CA readies new student report cards on Common Core testing
(Calif.) Sometime in the coming weeks, millions of California families will begin receiving report cards in the mail aimed at describing how their children did this spring on new statewide testing tied to the Common Core.
Unlike any communication of student performance before, these reports are intended to reflect a much more robust explanation of student performance by using bands of scoring to explain whether a child has met an achievement standard or fallen short.
While the approach has attracted some praise nationally, the new report cards do not indicate specifically if a student has met a ‘proficient’ level of achievement – a longstanding requirement of federal law.
State officials – almost five years into a transition to the Common Core State Standards and at least a year, perhaps two, from finalizing a new, comprehensive school accountability system – say they are moving forward with the new student report cards despite potential conflicts with the No Child Left Behind Act.
“We’re not communicating proficiency,” Mike Kirst, president of the California State Board of Education said in an interview this week. “That’s a federal word that they use and we’re not. It’s just not part of the thinking here.”
Since adopting the Common Core standards in English and math in 2010, the state board and Gov. Jerry Brown have had to undertake expensive and complex revisions of content delivery in schools, including adopting new classroom instructional materials, developing new training programs for teachers and creating a new assessment system.
Now, there is a new report card for the computer-based testing that students in grades three through eight and 11 have been taking this spring.
In advance of the new report cards, the state board of education and the California Department of Education are set to unleash a communication campaign to explain the new system.
The CDE has already set aside time this Thursday for a web-based press briefing to begin explaining the new report cards and their scoring to the mainstream media.
Among the key points is that students will receive an overall score for each subject tested on a scale from 2,000 to 3,000. The scores will far within one of four performance levels: standard not met; standard nearly met; standard met; standard exceeded.
A deeper dive in the English language arts results will give parents an understanding of how their child performed in reading, writing, listening and research. Reports on math include information about a student’s ability to problem solve and communicate mathematical reasoning.
The scoring bands come from agreements made in October among leadership of the Smarter Balanced consortium, which developed the new Common Core assessments. The “cut scores” were based on last spring’s field testing and provided recommendations for where states should set student achievement levels.
An important part of the communication message coming from the state to parents this summer is that scoring from the new California Assessment of Student Performance and Progress, or CAASPP, should not be compared to scores from the prior assessment system, the Standardized Testing and Reporting program, or STAR. The content is so fundamentally different that there is no way to compare old to new.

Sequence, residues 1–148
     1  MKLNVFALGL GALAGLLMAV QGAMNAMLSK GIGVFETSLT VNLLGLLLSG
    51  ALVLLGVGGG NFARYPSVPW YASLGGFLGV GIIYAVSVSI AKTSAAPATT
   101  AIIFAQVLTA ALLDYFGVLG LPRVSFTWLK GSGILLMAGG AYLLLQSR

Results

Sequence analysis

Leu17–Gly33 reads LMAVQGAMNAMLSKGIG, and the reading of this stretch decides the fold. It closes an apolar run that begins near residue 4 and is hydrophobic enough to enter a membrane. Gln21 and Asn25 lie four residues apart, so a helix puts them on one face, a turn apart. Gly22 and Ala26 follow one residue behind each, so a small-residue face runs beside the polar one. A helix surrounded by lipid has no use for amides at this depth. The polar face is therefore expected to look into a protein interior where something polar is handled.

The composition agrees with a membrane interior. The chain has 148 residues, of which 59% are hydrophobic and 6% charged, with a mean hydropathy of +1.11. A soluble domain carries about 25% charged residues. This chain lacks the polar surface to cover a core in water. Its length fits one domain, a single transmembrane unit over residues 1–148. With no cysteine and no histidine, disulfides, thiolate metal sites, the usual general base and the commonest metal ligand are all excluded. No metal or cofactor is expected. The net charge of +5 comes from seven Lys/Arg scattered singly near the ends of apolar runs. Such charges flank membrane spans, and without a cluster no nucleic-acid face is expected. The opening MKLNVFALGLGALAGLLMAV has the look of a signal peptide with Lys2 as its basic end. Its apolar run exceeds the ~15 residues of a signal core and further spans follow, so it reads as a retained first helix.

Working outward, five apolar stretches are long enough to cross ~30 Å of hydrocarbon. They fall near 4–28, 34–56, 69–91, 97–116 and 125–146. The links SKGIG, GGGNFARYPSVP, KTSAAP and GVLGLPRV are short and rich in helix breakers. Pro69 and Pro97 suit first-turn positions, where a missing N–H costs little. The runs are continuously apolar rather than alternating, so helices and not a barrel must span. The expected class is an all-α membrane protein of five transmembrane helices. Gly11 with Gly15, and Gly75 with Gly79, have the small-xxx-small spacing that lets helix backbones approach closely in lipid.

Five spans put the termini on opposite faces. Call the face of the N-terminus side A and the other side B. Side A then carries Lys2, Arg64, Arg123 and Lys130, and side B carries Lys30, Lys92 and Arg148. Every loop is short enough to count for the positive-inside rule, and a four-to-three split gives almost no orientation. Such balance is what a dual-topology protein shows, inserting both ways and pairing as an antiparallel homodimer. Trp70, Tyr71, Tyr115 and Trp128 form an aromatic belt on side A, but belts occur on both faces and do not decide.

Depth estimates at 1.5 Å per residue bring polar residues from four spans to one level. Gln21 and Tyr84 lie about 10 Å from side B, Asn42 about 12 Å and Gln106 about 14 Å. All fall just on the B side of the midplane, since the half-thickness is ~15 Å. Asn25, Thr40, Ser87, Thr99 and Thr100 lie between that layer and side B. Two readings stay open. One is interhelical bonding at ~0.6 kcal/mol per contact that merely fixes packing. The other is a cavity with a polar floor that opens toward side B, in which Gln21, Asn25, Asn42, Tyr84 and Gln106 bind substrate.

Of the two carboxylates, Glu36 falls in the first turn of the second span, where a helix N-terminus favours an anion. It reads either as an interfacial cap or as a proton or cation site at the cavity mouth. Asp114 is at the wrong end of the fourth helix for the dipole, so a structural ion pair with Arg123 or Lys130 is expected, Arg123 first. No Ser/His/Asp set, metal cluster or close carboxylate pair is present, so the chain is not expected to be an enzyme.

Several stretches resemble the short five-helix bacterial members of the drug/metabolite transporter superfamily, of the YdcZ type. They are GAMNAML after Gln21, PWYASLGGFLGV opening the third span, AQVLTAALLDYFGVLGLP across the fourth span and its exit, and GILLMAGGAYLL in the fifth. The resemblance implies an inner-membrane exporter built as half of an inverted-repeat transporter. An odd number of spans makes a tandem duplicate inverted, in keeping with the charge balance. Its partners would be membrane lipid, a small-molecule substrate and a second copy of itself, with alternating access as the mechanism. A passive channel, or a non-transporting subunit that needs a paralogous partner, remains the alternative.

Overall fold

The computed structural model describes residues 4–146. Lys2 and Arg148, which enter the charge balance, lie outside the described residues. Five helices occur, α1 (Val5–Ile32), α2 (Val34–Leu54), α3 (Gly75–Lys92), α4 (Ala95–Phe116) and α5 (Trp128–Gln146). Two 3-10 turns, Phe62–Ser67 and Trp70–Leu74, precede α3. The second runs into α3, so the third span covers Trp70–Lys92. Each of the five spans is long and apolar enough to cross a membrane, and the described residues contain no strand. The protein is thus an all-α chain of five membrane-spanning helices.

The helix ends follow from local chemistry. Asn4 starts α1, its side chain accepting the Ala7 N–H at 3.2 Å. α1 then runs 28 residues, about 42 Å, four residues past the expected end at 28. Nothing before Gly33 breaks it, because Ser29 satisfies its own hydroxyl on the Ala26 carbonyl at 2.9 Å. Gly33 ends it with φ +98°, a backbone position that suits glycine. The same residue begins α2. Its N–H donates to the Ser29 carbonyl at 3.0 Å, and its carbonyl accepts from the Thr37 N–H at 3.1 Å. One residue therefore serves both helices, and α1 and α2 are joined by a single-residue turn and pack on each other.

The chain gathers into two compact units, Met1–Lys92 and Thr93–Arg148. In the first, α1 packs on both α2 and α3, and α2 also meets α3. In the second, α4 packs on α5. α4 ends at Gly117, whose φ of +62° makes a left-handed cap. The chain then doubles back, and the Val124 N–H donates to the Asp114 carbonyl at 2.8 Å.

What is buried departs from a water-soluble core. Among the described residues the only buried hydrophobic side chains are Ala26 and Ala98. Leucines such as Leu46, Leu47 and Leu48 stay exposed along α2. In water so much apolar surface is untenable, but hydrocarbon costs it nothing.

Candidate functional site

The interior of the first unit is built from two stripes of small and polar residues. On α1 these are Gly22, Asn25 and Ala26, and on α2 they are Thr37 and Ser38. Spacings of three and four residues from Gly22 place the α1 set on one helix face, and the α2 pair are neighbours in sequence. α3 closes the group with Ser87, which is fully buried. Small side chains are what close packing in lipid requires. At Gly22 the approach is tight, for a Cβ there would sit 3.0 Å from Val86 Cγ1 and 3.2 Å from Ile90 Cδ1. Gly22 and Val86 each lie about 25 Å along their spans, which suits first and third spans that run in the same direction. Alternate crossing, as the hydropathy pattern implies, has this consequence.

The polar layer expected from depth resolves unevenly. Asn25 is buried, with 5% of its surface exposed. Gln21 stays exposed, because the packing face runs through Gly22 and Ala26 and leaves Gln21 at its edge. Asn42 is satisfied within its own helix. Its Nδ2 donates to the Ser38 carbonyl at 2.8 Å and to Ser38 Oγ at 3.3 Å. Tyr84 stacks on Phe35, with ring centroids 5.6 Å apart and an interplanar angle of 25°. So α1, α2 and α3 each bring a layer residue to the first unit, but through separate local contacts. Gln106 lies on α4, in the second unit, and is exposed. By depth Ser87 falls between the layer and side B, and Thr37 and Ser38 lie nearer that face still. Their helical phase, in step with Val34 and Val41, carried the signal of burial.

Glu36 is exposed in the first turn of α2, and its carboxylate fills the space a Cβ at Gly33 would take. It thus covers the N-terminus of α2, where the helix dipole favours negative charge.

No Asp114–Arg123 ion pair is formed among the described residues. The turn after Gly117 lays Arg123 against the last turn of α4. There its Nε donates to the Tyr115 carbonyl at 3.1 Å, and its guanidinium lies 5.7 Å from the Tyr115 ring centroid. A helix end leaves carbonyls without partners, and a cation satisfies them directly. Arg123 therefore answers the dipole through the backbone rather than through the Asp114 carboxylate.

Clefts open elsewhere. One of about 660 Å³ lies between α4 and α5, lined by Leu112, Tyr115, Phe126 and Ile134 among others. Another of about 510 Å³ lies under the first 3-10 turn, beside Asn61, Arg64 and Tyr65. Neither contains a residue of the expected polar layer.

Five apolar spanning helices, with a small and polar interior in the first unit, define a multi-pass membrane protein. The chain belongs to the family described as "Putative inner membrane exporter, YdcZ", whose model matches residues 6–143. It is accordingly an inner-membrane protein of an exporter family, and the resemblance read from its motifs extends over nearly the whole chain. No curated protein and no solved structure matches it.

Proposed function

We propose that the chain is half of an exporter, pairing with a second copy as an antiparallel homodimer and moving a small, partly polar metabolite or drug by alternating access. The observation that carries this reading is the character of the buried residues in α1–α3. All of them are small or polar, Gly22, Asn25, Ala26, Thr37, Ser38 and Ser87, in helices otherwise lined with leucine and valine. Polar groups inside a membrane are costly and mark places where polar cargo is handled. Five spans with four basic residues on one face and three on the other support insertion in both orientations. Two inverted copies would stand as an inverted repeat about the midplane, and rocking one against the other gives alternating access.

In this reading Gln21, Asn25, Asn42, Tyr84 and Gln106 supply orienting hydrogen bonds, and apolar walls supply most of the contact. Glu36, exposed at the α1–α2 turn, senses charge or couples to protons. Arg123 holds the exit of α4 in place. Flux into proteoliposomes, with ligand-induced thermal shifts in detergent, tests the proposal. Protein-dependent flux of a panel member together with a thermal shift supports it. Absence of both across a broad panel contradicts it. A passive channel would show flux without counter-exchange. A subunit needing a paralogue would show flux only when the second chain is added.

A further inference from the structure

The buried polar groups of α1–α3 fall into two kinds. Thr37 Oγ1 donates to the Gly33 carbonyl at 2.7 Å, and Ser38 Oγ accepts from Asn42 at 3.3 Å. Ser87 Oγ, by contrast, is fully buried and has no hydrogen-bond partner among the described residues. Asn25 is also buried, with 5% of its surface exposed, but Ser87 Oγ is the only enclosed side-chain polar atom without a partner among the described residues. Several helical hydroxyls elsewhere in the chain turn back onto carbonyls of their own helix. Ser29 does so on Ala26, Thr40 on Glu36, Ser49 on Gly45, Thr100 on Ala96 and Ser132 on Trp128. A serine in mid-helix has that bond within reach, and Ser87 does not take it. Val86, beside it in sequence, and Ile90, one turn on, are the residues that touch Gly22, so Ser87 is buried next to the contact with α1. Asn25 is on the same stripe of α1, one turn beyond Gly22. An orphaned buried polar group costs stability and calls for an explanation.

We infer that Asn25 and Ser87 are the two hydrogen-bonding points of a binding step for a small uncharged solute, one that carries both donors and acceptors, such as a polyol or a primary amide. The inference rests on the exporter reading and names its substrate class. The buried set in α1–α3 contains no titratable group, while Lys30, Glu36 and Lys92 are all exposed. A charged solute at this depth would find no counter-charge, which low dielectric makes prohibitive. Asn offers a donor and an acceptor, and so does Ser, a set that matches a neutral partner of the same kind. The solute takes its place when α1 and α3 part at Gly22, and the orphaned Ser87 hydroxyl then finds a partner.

While the new report cards have already received some applause as being more informative of student performance compared to the STAR system, there are potential problems related to federal regulators.
California is one of the few states not operating under a federal waiver from the No Child Left Behind Act – including requirements that the state set proficiency marks and report how many students did and didn’t pass.
A letter to the states issued by the U.S. Department of Education in February authorized any state “administering new college-and career-ready-aligned assessments in the 2014-2015 school year to not assign schools new ratings based on those assessments.” But the guidance did not state, how, absent a formal waiver, this essential component of NCLB could be dismissed.
Although that language would suggest states like California are getting a pass on ‘proficiency’ reporting, the letter went on to say that states would “still be required to publicly report the results of the assessments, including against AMOs (annual measurable objectives).”
Thus, it is unclear how California can avoid publicizing proficiency results that are benchmarks for AMOs without being considered in violation of federal law.
A spokesperson for U.S. Department of Education declined to specifically address the new California system except to say that states must have academic achievement standards that include a proficient and advanced level but can express those terms in words of their own choosing.
California has several work-around options pending before federal regulators and there’s an assumption that because Duncan acquiesced on a related testing issue a year ago, that he will again.
The new report cards are just one part of a multi-level restructuring the state is undertaking of performance evaluation of its students, schools and districts.
Such efforts in other states have not only been approved by the U.S. Department of Education – they have been encouraged given the almost universal frustration educators and policymakers have with the rigid performance targets that characterize NCLB.
But California has not been granted a waiver and other options for legalizing the new system remain unresolved.
Kirst said the new report cards represent a new way of thinking about student performance.
“It’s an entirely new paradigm,” he explained. “You need to just junk everything you had in your head and throw that in the trash can somewhere and start over.”